Idaho traffic fatalities are at a 15-year high, with people not fastening seat belts and driving aggressively or while impaired leading to many of the deadly crashes, said John Tomlinson, manager at Idaho Transportation Department’s Office of Highway Safety.
Tomlinson refers to the three significant factors in fatal crashes as “belts, booze and speed.”
Idaho’s continued population growth and pandemic effects could be factors for the increased fatalities, but Tomlinson said official 2021 fatalities data and causes of the crashes will likely not be available until April.
The spike is not unique to Idaho, as Tomlinson said the nation will likely hit over 40,000 traffic fatalities nationwide for the first time in several years.
He said there have been 258 fatalities – the highest count since 2006 – this year as of Thursday in the state, according to preliminary data. There were 214 fatalities in 2020 and 224 in 2019.
Tomlinson said Idaho was one of four states in the country in which traffic fatalities decreased from 2019 to 2020.
In 2020, 43% of all Idaho fatalities were from impaired driving crashes, and only 29% of the vehicle occupants killed in those crashes were wearing a seat belt, according to ITD.
From 2016 to 2020, 34% of all fatal crashes in Idaho were aggressive-driver related, and that number jumps to 46% in Kootenai County, according to ITD data. Aggressive driving includes speeds too fast for conditions, exceeding the posted speed limit, following too closely and failure to yield, obey a stop sign or obey a signal.
Kootenai County had the third-highest fatal aggressive driving crashes in the state during that five-year stretch, with 34 fatalities. Canyon County had 50, and Ada County had 45.
Of the 34 fatalities in Kootenai County, 11 were in Post Falls, eight were in Coeur d’Alene and six were in Hayden.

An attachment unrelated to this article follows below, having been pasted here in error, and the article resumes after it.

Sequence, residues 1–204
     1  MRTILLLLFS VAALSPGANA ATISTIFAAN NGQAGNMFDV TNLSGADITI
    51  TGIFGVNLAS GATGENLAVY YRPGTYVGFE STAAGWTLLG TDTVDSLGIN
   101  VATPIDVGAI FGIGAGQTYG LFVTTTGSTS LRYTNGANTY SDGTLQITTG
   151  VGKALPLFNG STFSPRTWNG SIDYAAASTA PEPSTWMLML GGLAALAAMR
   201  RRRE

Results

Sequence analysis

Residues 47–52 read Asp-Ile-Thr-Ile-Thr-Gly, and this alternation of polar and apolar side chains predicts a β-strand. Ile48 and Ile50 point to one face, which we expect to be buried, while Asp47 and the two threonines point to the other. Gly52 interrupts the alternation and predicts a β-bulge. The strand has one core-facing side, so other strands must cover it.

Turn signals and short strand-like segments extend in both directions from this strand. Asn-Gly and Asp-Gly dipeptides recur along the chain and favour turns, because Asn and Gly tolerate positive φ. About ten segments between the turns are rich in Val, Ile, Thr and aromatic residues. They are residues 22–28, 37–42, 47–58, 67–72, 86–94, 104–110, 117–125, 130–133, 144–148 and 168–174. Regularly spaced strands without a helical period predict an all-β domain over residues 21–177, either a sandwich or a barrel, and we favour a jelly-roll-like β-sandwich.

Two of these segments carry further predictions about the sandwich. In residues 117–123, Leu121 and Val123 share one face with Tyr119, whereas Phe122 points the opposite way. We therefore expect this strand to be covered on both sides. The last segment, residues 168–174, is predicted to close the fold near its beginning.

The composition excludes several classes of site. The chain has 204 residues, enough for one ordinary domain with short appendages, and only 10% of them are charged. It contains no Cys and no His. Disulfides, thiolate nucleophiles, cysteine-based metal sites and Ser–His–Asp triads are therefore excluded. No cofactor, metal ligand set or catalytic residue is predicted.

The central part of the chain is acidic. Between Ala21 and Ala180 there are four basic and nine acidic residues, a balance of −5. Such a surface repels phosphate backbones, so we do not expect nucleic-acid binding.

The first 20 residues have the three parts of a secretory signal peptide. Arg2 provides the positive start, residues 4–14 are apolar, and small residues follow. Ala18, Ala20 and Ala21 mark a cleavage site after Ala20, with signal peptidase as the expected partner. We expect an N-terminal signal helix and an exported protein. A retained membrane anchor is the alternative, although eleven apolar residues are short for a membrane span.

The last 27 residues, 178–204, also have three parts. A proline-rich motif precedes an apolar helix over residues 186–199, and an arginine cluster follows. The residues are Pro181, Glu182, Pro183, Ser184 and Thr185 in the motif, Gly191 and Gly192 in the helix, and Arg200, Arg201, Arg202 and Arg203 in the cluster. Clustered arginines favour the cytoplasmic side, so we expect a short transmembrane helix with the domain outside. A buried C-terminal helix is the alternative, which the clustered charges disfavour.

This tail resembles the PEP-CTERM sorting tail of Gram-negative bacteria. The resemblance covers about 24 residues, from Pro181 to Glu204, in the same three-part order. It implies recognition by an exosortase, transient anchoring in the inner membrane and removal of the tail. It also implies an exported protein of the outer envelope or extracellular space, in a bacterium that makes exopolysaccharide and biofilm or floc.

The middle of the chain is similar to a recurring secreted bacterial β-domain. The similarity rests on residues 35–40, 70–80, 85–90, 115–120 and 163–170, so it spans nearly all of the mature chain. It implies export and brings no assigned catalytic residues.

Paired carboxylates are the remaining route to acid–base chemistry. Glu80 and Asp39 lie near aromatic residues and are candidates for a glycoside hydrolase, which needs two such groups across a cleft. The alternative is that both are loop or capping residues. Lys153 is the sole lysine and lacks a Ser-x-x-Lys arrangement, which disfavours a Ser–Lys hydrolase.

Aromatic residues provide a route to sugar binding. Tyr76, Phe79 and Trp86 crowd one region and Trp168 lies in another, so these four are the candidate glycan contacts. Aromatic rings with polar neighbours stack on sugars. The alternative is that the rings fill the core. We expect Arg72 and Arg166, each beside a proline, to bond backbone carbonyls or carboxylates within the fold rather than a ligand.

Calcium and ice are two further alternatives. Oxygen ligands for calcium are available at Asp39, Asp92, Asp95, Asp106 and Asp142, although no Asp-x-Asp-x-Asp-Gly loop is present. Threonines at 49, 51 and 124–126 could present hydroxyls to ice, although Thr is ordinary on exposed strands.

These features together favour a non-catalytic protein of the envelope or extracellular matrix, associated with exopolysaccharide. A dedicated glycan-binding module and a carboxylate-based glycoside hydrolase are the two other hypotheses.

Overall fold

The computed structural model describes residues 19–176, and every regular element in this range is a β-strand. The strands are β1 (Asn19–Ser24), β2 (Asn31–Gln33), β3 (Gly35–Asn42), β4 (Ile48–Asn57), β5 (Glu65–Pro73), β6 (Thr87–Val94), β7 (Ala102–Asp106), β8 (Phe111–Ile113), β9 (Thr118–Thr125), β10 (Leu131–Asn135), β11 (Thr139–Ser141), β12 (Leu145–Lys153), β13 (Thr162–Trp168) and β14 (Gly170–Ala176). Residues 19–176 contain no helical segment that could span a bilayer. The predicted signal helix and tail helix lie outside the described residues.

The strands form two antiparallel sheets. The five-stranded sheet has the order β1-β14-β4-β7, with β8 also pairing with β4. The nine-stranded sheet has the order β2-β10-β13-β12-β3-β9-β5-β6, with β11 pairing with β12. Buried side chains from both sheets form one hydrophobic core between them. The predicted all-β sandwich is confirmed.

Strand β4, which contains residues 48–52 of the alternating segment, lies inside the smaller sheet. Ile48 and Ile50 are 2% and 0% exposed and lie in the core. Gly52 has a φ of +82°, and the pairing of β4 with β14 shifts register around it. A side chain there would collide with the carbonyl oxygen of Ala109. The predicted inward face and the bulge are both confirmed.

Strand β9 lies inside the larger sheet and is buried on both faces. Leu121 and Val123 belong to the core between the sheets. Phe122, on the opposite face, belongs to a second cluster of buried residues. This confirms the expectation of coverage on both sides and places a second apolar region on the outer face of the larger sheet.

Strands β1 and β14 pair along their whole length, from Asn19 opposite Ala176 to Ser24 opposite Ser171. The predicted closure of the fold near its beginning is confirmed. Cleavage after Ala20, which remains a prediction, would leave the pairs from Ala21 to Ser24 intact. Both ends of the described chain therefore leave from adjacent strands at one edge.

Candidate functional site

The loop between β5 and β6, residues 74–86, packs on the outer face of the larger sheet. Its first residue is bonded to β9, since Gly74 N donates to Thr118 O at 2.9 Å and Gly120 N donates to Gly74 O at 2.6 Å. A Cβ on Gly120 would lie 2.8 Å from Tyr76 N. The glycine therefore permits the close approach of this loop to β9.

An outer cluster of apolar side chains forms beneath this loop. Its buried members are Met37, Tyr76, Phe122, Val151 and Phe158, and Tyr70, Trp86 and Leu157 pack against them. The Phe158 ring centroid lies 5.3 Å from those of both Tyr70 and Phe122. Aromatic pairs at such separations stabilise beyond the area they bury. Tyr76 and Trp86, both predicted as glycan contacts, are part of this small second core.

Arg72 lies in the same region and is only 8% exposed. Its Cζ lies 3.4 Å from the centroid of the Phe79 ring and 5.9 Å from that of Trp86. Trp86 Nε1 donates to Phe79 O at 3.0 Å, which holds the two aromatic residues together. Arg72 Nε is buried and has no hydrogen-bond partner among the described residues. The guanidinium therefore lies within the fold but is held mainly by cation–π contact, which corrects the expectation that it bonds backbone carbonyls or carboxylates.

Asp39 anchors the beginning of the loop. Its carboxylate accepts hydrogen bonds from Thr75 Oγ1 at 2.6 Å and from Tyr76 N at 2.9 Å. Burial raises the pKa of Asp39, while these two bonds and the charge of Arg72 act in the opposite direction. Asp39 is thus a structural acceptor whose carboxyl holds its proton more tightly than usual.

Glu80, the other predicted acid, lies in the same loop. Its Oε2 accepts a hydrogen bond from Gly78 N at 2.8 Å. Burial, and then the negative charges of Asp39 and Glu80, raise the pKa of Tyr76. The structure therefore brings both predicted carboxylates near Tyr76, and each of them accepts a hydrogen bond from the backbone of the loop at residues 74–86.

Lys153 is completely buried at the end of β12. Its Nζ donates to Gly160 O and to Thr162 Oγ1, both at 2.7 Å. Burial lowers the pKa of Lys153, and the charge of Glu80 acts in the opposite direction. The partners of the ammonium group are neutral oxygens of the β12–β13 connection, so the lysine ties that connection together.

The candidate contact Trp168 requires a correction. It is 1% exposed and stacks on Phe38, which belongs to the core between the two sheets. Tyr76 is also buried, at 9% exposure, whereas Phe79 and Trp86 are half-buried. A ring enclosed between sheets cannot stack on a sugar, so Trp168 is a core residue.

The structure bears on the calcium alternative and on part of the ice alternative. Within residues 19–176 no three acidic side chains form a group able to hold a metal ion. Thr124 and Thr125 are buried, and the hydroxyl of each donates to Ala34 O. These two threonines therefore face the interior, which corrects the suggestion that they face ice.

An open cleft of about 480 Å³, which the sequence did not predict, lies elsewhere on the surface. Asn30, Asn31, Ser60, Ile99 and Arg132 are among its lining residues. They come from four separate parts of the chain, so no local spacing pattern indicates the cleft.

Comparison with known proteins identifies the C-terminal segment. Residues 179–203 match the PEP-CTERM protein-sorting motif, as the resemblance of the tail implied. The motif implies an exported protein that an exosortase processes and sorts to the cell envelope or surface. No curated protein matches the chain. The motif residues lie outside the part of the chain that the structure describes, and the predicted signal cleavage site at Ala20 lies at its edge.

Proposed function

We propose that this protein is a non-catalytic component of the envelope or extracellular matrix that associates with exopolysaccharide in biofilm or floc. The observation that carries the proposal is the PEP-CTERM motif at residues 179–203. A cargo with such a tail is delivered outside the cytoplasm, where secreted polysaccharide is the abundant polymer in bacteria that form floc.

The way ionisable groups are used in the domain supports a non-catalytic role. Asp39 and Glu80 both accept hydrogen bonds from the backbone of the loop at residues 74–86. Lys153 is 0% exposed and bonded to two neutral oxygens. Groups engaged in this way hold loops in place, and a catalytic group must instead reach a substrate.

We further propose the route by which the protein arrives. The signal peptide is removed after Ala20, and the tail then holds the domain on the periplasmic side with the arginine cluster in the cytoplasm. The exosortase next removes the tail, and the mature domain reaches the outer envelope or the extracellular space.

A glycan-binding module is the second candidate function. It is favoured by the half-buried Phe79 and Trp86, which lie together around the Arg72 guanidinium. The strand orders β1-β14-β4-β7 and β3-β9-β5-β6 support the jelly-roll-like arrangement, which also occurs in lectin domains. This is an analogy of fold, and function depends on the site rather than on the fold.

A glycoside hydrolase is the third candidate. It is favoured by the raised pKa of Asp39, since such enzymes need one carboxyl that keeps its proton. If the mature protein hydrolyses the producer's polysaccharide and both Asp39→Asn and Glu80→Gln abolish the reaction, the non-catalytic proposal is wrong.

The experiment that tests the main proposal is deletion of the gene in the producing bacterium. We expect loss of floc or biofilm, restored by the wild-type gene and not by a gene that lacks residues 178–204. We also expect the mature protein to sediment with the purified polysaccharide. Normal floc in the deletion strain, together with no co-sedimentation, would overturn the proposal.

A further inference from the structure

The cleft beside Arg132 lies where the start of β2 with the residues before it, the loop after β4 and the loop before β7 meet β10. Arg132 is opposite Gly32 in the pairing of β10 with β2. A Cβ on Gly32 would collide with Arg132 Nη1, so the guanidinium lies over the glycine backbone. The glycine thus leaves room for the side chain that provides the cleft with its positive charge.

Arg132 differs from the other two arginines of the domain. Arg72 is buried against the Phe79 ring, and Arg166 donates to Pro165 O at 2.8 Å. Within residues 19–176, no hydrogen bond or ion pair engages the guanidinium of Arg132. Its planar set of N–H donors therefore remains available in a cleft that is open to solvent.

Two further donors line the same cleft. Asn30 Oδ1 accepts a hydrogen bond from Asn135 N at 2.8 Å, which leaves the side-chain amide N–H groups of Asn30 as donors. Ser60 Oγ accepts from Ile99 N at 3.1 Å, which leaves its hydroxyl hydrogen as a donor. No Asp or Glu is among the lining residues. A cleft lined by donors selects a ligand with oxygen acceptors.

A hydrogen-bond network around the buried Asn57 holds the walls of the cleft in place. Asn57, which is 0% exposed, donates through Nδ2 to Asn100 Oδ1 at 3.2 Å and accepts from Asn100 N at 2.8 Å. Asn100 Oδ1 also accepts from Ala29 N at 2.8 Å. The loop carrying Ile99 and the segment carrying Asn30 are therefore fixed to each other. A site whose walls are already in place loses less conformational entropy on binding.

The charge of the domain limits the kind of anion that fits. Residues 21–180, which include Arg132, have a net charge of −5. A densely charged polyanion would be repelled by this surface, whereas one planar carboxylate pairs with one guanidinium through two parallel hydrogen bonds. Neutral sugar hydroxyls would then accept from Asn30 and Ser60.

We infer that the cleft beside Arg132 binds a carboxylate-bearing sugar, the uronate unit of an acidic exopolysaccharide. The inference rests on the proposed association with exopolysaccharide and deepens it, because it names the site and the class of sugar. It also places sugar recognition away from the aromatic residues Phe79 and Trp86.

Because Idaho is so rural, Tomlinson said a significant number of fatal crashes are single-vehicle incidents in which drivers lose control, overcorrect, roll and are thrown from the car after not wearing a seat belt.
Idaho is still largely rural, but the Gem State’s population is booming, which could have played a factor in the fatality spike this year, Tomlinson said.
Idaho led the nation with a 2.9% population increase, or 53,151 new residents, from 2020 to 2021, according to the U.S. Census Bureau. The state has 1.9 million residents.
As for the COVID-19 pandemic, Tomlinson said traffic counts on Idaho roadways declined in the first couple months of the pandemic but then picked up again.
Tomlinson said every state in the country has seen an increase in traffic fatalities from last year.
“It’s been crazy the amount of fatalities that we’ve had nationally,” he said.
The federal government reported in October that the number of U.S. traffic deaths in the first six months of 2021 hit 20,160, the highest first-half total since 2006, according to an Associated Press story. The estimated number was 18.4% higher than the first half of last year.
The AP reported that the National Highway Traffic Safety Administration said that behavioral research from March through June showed that speeding and traveling without a seat belt remained higher than before the coronavirus pandemic. The agency pointed to increasing road deaths, a trend for the past two years, on more reckless behavior on the roads.
The latest spike in fatalities came as people drove more as pandemic shutdowns eased, the AP said. Preliminary data from the Federal Highway Administration showed that vehicle miles traveled in the first six months of the year increased by 173.1 billion miles, about a 13% increase from last year.
The death rate for the first half of 2021 rose to 1.34 per 100 million vehicle miles traveled. That’s up from 1.28 deaths per 100 million miles in the first half of 2020, the agency said.
To drive the statistics down, Tomlinson said drivers need to buckle up, avoid distractions when behind the wheel, slow down and plan ahead if they decide to drink alcohol.
“It’s that planning ahead before you go out that’s going to make all the difference in the world,” Tomlinson said.
Idaho State Police troopers joined law enforcement agencies throughout Idaho with increased DUI patrols through New Year’s Eve weekend.
Between Jan. 1 and Dec. 15 of this year, ISP troopers have charged 1,453 drivers with impaired driving-related criminal offenses, according to ISP.
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